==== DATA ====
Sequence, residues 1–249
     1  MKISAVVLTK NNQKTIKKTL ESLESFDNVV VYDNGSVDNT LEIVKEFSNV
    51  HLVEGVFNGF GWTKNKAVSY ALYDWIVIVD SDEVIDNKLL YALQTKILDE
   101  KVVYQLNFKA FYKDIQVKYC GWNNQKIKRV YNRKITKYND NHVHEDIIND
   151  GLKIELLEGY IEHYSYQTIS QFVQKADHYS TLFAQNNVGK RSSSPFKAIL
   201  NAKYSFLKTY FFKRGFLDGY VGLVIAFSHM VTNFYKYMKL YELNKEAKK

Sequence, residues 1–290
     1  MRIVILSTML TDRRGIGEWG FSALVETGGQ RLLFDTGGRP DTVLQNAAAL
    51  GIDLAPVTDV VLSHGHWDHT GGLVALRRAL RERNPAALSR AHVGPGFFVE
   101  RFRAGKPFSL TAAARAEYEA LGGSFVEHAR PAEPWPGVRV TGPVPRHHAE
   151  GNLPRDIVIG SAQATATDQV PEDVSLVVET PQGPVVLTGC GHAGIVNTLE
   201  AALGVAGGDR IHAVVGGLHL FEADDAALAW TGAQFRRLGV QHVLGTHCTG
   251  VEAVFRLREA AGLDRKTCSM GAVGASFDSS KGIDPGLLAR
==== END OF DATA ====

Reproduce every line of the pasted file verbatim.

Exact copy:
Sequence, residues 1–249
     1  MKISAVVLTK NNQKTIKKTL ESLESFDNVV VYDNGSVDNT LEIVKEFSNV
    51  HLVEGVFNGF GWTKNKAVSY ALYDWIVIVD SDEVIDNKLL YALQTKILDE
   101  KVVYQLNFKA FYKDIQVKYC GWNNQKIKRV YNRKITKYND NHVHEDIIND
   151  GLKIELLEGY IEHYSYQTIS QFVQKADHYS TLFAQNNVGK RSSSPFKAIL
   201  NAKYSFLKTY FFKRGFLDGY VGLVIAFSHM VTNFYKYMKL YELNKEAKK

Sequence, residues 1–290
     1  MRIVILSTML TDRRGIGEWG FSALVETGGQ RLLFDTGGRP DTVLQNAAAL
    51  GIDLAPVTDV VLSHGHWDHT GGLVALRRAL RERNPAALSR AHVGPGFFVE
   101  RFRAGKPFSL TAAARAEYEA LGGSFVEHAR PAEPWPGVRV TGPVPRHHAE
   151  GNLPRDIVIG SAQATATDQV PEDVSLVVET PQGPVVLTGC GHAGIVNTLE
   201  AALGVAGGDR IHAVVGGLHL FEADDAALAW TGAQFRRLGV QHVLGTHCTG
   251  VEAVFRLREA AGLDRKTCSM GAVGASFDSS KGIDPGLLAR